Search our Site

The Recipe for Success: Determination, Excellence, and Tolerance

A Jordanian woman learns the basics of business and starts selling pickles to support her family

12Sadiqa in her small shop in Balqa governorate, Jordan.

The Recipe for Success: Determination, Excellence, and Tolerance

A Jordanian woman learns the basics of business and starts selling pickles to support her family

Down a narrow street in Balqa governorate, Jordan, Sadiqa Al Gharagheer sits proudly in her modest and newly registered shop surrounded by her neatly displayed homemade food products that are carefully placed on shelves on both sides of the shop.

The 47-year-old mother of six has been making and selling readymade food products from her own home for one year now and is known for her delicious maamoul, a Middle Eastern buttery cookie stuffed with date paste, chopped walnuts or pistachios, and dusted with powdered sugar. Her neighbors swear by it.

Sadiqa unofficially started in early 2017 with 10 Jordanian Dinars – around 18 Canadian Dollars – purchasing the ingredients for maamoul and other sweets to sell in her neighborhood. In a month, and after participating in bazaars and food fairs outside Balqa to find more customers, her 10 Dinars became 100. Seeing the success, she decided to make pickles and herbs and to introduce them to the local market. Except this time, she was not successful; the market did not buy her products as they were too expensive and not up to standard. Sadiqa felt that something prevented her small business from developing.

She did not know what was missing until she was approached by her friend who works at the Jordanian Hashemite Fund for Human Development (JOHUD) and mentioned a project supporting women entrepreneurs in their area. Sadiqa immediately registered with JOHUD, an implementing partner of MEDA’s Jordan Valley Links (JVL) project in Balqa that provides technical training, financial and marketing coaching for women and youth entrepreneurs in the food processing sector.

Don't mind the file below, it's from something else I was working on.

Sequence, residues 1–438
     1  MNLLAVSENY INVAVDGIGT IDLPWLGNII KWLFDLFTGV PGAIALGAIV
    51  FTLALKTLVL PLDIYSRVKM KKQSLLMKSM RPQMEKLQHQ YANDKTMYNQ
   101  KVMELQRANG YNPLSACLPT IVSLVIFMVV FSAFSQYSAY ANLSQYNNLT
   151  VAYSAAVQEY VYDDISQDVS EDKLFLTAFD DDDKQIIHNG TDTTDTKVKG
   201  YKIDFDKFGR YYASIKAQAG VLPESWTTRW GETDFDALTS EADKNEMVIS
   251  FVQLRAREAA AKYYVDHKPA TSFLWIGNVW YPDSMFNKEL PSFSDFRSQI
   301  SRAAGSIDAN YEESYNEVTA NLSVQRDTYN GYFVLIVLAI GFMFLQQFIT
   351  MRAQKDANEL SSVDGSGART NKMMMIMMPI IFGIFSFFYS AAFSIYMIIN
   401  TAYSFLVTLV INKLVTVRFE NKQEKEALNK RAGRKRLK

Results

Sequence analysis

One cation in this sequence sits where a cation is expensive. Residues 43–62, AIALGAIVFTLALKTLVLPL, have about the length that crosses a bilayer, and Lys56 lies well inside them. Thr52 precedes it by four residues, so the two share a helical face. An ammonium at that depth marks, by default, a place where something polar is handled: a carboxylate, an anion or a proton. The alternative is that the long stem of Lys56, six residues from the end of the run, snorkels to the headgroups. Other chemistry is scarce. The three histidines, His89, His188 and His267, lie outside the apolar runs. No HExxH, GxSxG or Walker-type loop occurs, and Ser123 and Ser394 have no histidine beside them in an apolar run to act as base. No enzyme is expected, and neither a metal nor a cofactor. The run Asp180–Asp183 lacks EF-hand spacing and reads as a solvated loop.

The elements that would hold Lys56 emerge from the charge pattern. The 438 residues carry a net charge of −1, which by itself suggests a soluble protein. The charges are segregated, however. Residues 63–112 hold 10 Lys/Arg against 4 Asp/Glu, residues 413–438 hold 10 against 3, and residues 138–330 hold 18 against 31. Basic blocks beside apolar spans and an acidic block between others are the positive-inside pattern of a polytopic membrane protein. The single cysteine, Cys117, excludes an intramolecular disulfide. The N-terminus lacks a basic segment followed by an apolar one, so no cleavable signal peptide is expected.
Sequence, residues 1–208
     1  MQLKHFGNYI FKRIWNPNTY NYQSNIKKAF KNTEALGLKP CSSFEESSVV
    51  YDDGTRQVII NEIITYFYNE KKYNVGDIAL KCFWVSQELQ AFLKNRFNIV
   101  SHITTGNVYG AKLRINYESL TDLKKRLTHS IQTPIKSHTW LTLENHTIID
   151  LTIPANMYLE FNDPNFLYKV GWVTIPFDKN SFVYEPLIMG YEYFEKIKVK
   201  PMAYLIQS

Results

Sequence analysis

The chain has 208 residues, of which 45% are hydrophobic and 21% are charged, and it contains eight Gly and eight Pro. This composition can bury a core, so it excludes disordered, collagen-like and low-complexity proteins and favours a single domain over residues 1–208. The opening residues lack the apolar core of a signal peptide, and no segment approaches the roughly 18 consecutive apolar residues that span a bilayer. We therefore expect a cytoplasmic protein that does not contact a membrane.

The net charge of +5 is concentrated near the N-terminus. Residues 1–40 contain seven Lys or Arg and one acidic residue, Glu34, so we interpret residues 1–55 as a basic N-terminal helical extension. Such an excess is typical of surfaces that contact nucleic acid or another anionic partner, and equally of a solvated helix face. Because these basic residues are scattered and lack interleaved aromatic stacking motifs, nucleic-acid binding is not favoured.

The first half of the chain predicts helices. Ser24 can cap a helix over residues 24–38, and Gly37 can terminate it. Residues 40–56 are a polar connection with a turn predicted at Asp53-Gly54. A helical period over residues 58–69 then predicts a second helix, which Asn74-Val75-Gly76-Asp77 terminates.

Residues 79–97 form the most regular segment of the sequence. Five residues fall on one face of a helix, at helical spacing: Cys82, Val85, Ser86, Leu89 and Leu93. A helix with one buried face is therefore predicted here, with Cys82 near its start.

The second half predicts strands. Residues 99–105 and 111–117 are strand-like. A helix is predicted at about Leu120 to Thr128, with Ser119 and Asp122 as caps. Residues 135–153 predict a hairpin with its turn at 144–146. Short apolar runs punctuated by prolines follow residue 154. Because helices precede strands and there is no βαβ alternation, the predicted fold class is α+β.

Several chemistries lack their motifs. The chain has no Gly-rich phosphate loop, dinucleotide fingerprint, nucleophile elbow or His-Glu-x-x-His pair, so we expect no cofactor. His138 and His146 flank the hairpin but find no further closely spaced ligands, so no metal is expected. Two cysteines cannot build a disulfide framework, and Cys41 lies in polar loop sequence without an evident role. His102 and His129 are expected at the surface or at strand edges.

After attending around seven sessions seeking support to improve her products and introduce them to the market correctly, Sadiqa learned how to pasteurize and keep cucumber pickles crunchy and appetizing for more than 18 months. “It turned out that I wasn’t pricing my products correctly nor pasteurizing my pickles,” says Sadiqa. Most importantly, she learned proper book keeping; “I used to subtract the cost of the ingredients from my sales, not considering costs like rent, electricity, gas, let alone me and my children’s effort,” said Sadiqa, explaining that she realized the mistake she was making after attending the financial training sessions.

Sadiqa is among the more than 1,100 women and youth in Balqa who have received training through the JVL project and JOHUD with funding from Global Affairs Canada (GAC). But the determined woman did not stop there; she assigned a space in her home for producing the pickles and displaying her products, and was encouraged by JVL to register her business. “I am now more confident in presenting my products and approaching the market as I have a registered home-based business,” she says, recollecting the time when a school asked to see her license as a condition to purchase her pastries.

Sadiqa was looking for a chance to support her husband and this opportunity came along during a time when the family’s financial situation was unstable, and they were unable to meet their basic needs. She is proud that she is a productive woman who contributes to her family’s income now. Her husband and children support her and she has become a decision maker alongside her husband.

“I am proud of her; she is helping me with the finances. At the end of the day our relationship is a partnership and we must consult each other,” says her husband. Sadiqa hopes to become an example for her daughters, “living expenses are high and women must be able to support themselves and their families, they need to have a strong personality to be entrepreneurs and I encourage them to do so”, she says.

The JVL project, with JOHUD’s support, plans to link these women and youth entrepreneurs in Balqa with the local and national market in Jordan by providing them with networking opportunities and market engagement. Sadiqa dreams of having a restaurant one day; “I am so proud that I have learned how to manage my business, and strongly believe that the recipe for success is determination, excellence and tolerance”, she affirmed.

23Sadiqa in her small shop in Balqa governorate, Jordan.